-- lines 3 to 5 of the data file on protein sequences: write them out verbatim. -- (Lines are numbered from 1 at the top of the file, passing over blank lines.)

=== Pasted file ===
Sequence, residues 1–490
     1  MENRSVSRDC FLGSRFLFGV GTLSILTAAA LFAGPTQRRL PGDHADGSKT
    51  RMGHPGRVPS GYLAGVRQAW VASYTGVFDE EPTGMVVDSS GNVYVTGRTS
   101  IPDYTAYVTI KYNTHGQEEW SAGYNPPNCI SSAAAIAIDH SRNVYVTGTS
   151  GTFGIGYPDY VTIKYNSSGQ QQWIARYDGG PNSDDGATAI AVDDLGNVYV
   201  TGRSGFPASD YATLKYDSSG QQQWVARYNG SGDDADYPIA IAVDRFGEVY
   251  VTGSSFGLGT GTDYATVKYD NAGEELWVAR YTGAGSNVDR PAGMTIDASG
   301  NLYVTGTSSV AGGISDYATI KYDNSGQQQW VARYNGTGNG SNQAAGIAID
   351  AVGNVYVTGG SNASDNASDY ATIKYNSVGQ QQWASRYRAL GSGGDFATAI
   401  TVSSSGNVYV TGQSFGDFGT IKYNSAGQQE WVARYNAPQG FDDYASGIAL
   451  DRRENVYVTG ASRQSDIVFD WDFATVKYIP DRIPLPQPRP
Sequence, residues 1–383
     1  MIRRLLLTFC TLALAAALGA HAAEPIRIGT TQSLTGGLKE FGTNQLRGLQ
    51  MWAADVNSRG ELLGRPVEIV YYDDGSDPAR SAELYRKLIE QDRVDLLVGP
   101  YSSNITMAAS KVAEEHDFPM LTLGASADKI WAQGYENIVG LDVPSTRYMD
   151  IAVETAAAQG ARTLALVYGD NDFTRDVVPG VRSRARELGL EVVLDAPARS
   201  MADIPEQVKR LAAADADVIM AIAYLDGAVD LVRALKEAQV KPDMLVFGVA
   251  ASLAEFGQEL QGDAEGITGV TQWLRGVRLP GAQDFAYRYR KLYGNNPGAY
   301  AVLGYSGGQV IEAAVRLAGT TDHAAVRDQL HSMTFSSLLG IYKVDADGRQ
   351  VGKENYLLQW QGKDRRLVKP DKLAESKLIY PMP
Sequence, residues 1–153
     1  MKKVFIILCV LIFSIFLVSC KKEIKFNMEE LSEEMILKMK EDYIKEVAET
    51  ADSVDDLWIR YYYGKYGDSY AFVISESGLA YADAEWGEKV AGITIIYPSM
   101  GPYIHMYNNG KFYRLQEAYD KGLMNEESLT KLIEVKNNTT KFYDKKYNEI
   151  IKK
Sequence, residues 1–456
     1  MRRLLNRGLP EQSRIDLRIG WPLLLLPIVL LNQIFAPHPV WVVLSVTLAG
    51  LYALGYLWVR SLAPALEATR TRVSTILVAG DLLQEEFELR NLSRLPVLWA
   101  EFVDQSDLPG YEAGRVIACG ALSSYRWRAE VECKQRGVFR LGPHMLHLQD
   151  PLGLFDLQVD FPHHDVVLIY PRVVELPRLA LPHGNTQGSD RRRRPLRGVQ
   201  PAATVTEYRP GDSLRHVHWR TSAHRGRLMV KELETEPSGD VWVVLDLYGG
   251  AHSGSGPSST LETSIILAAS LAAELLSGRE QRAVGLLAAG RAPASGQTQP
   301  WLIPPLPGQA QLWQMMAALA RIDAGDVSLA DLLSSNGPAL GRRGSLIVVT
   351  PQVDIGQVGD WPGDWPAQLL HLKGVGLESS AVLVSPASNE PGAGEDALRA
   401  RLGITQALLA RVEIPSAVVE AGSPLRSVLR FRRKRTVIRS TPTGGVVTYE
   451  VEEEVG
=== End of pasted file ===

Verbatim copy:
    51  RMGHPGRVPS GYLAGVRQAW VASYTGVFDE EPTGMVVDSS GNVYVTGRTS
   101  IPDYTAYVTI KYNTHGQEEW SAGYNPPNCI SSAAAIAIDH SRNVYVTGTS
   151  GTFGIGYPDY VTIKYNSSGQ QQWIARYDGG PNSDDGATAI AVDDLGNVYV